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Viacom Case Analysis

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Viacom Case Analysis

Strategic Group and Mission Statement:

In 1995 one of the strategic groups Viacom competed in was cable TV content providers with its main competitors including News Corp and Time Warner. The purpose of Viacom is to provide benefit to society through media content. The beliefs Viacom holds to realize its mission are growth, performance, and competition and the values upheld are communication, technology, knowledge, intelligence and the decentralized organization.

General External Environment:

The economic segment of the general external environment reveals that in 1995 the cost of capital is low while the availability of capital is high.

In the sociocultural segment under national preferences the success of cable TV in the U.S. in the eighties assured content providers of the viability of their product. In 1995, this success coupled with a technology boom in cable TV not only increased demand for media content internationally, but also directed the consumer demand for many (hundreds) cable channels with content on each channel 24 hours a day.

An analysis of the political legal segment reveals that in 1984 the cable industry was deregulated which allowed for increased content production and distribution. At the time of the case, firms were just learning how to take advantage of deregulation so as to better vertically integrate.

In the technological segment, basic research on how to distribute content through cable and satellites was being conducted by University electrical engineering departments. Product development being done outside the strategic group but of interest to competitors in the group was new digital technologies with which to vastly expand the number of channels offered. This technology was being used by the telephone industry in particular. Process development in terms of new methods to forward integration and thus how to distribute media through appropriate channels and contracts was perfected by television stations.

The global segment in not applicable to Viacom in this moment because although the strategic group is looking to expand operations in many countries, the group is not initiating business in any country where they are not currently operating.

The market segment includes an analysis of cable content as an organizational product because content goes from the individual content providers to local cable providers not directly to consumers. Cable content providers are classified as resellers of shopping goods because they do not make an industrial product and the product is bought in comparison to similar products being offered. The number of buyers consists of the thousands of local cable suppliers who are located in population centers. The nature of the demand is derived because increased desire for more cable channels derives the demand for more content. Producers do not adjust production schedules due to short term variation in the market because there is never a lack of demand.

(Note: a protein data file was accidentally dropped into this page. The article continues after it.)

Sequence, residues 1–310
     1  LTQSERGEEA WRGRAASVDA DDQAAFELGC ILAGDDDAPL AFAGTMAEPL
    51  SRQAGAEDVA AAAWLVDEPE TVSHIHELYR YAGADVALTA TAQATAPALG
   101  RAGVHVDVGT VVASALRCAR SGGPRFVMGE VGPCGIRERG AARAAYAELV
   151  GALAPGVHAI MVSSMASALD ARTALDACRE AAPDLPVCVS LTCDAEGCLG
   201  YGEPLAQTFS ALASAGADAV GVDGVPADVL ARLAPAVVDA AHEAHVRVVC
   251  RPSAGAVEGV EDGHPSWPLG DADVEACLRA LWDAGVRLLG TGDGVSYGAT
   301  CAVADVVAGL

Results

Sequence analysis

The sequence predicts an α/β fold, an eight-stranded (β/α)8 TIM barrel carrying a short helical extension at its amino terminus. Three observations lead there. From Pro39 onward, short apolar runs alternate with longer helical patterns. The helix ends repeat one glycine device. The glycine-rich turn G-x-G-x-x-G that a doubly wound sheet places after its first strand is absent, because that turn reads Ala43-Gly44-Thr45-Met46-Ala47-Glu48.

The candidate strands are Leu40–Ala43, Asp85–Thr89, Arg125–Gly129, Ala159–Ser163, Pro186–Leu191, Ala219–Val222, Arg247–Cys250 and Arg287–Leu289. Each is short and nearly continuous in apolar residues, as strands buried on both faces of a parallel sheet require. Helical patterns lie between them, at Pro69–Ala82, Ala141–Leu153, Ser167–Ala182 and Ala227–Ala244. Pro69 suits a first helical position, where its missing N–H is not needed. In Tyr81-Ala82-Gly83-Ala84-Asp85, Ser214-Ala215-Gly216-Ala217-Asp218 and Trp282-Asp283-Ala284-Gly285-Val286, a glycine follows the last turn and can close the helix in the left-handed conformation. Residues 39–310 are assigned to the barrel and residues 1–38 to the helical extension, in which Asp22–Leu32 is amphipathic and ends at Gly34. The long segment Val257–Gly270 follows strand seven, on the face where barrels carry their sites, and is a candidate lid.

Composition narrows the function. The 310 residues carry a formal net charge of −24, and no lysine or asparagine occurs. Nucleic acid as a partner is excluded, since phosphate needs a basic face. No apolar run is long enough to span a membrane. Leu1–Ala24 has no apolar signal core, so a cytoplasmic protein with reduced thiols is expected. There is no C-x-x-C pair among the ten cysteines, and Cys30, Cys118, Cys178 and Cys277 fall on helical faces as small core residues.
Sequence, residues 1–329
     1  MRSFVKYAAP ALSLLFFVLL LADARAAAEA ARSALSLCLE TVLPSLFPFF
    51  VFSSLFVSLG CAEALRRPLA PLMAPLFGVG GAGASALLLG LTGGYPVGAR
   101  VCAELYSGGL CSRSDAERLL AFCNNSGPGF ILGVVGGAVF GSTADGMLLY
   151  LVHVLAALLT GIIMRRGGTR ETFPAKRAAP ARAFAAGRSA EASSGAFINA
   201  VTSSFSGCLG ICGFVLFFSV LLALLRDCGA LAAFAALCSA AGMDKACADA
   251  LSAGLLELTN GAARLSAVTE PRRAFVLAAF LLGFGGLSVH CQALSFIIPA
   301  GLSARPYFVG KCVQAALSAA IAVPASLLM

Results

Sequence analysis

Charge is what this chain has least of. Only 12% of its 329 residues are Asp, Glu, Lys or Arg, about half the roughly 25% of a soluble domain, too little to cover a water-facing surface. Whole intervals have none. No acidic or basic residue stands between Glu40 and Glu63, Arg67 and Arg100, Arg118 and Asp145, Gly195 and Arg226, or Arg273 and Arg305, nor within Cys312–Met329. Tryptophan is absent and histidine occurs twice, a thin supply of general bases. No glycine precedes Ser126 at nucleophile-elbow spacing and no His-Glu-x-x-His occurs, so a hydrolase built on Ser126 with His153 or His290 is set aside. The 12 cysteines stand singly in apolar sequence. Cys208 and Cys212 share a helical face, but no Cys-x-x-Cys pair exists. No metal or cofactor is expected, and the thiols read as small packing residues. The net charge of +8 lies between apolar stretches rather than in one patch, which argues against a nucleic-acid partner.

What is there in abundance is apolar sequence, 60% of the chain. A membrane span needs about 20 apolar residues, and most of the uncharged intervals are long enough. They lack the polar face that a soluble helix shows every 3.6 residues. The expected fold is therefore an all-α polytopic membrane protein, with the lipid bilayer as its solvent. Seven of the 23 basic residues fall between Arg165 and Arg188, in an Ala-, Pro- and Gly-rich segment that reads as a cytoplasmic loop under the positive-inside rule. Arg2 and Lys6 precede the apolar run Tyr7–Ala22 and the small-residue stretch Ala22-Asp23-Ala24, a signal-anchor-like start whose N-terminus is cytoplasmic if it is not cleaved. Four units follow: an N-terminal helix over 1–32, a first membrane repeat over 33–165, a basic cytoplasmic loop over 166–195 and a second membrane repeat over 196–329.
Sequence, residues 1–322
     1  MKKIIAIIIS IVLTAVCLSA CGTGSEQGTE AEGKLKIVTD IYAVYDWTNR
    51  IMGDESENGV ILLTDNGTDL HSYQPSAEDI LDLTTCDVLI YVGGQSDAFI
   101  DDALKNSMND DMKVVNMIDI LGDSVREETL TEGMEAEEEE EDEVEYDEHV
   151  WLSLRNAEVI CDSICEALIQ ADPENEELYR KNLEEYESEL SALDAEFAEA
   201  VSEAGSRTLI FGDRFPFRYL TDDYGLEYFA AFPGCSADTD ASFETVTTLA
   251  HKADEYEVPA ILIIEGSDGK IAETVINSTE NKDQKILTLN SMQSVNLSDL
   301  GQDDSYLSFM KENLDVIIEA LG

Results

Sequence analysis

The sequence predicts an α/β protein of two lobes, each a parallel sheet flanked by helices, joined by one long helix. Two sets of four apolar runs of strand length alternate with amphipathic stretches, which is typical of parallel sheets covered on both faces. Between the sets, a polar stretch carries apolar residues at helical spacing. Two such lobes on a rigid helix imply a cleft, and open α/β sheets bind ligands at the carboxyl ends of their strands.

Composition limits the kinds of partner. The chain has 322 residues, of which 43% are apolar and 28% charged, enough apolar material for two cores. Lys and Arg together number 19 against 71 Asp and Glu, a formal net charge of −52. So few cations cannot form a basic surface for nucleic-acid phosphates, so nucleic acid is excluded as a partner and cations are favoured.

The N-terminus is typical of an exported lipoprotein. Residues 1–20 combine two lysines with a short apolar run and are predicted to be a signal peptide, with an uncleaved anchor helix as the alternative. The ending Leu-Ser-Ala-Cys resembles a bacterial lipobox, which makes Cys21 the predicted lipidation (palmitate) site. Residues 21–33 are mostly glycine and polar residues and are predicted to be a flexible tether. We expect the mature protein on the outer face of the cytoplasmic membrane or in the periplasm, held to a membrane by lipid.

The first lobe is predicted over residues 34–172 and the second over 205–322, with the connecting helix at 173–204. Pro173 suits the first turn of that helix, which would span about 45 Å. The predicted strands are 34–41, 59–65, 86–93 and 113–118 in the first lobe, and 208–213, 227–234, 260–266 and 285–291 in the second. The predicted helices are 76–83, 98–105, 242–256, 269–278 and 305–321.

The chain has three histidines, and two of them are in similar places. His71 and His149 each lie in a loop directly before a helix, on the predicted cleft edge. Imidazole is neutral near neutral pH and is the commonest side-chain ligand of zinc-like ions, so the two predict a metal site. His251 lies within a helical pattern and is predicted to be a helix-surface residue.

The buying influences for cable content are composed of the users who can be defined as the cable providers because they make contracts with the content providers as well as determine content specifications. Influencers are those workers for the cable providers who increase the bandwidth and thus demand more content. Deciders, Approvers and Buyers are all the cable providers. There are not any gatekeepers because content salespersons are in close contact with buyers. Content is purchased from content providers as a modified re-buy in that the product changes in quantity and each platform will have different content in the same genres.

Porter’s Five Forces:

Threats of New Entrants

The threat of new entrants for this strategic group is fairly low because there are a significant number of barriers to entry. A new entrant to the strategic group would need to overcome several obstacles before even being able to compete with Viacom, News Corp, or Time Warner. First, members of the strategic group have high economies of scale. Each of the three companies in the strategic group is vertically integrated. To become vertically integrated, a company trying to enter the strategic group would need to acquire several companies in different areas of the entertainment industry. These acquisitions would be highly capital intensive and very risky for a new entrant.

Another barrier to entry is the product differentiation in the strategic group. Each company in the strategic group has certain channels that are considered premium channels. Cable providers are willing to pay more for these channels, which they end up having to charge the end consumer more for. These premium channels differentiate content providers from one another.

The

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